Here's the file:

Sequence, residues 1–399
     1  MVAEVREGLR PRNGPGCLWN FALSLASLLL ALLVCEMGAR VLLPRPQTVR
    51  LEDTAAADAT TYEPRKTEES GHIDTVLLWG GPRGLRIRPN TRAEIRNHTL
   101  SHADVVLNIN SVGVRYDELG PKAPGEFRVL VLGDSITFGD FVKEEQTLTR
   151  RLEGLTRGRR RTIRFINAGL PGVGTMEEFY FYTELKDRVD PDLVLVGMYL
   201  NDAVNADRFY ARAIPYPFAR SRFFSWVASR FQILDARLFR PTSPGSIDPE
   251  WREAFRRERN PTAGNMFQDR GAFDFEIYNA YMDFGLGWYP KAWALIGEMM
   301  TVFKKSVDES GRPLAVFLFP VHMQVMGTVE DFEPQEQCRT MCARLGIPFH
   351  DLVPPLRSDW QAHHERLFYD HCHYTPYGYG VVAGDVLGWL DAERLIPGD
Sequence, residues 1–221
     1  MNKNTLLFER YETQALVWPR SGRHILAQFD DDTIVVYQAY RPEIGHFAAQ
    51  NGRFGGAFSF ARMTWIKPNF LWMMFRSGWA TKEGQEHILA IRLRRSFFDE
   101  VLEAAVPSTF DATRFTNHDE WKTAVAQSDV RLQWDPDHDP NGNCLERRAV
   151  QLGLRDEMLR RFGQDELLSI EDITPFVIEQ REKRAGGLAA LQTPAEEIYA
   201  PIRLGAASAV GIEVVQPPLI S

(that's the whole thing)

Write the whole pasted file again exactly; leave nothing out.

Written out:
Sequence, residues 1–399
     1  MVAEVREGLR PRNGPGCLWN FALSLASLLL ALLVCEMGAR VLLPRPQTVR
    51  LEDTAAADAT TYEPRKTEES GHIDTVLLWG GPRGLRIRPN TRAEIRNHTL
   101  SHADVVLNIN SVGVRYDELG PKAPGEFRVL VLGDSITFGD FVKEEQTLTR
   151  RLEGLTRGRR RTIRFINAGL PGVGTMEEFY FYTELKDRVD PDLVLVGMYL
   201  NDAVNADRFY ARAIPYPFAR SRFFSWVASR FQILDARLFR PTSPGSIDPE
   251  WREAFRRERN PTAGNMFQDR GAFDFEIYNA YMDFGLGWYP KAWALIGEMM
   301  TVFKKSVDES GRPLAVFLFP VHMQVMGTVE DFEPQEQCRT MCARLGIPFH
   351  DLVPPLRSDW QAHHERLFYD HCHYTPYGYG VVAGDVLGWL DAERLIPGD
Sequence, residues 1–221
     1  MNKNTLLFER YETQALVWPR SGRHILAQFD DDTIVVYQAY RPEIGHFAAQ
    51  NGRFGGAFSF ARMTWIKPNF LWMMFRSGWA TKEGQEHILA IRLRRSFFDE
   101  VLEAAVPSTF DATRFTNHDE WKTAVAQSDV RLQWDPDHDP NGNCLERRAV
   151  QLGLRDEMLR RFGQDELLSI EDITPFVIEQ REKRAGGLAA LQTPAEEIYA
   201  PIRLGAASAV GIEVVQPPLI S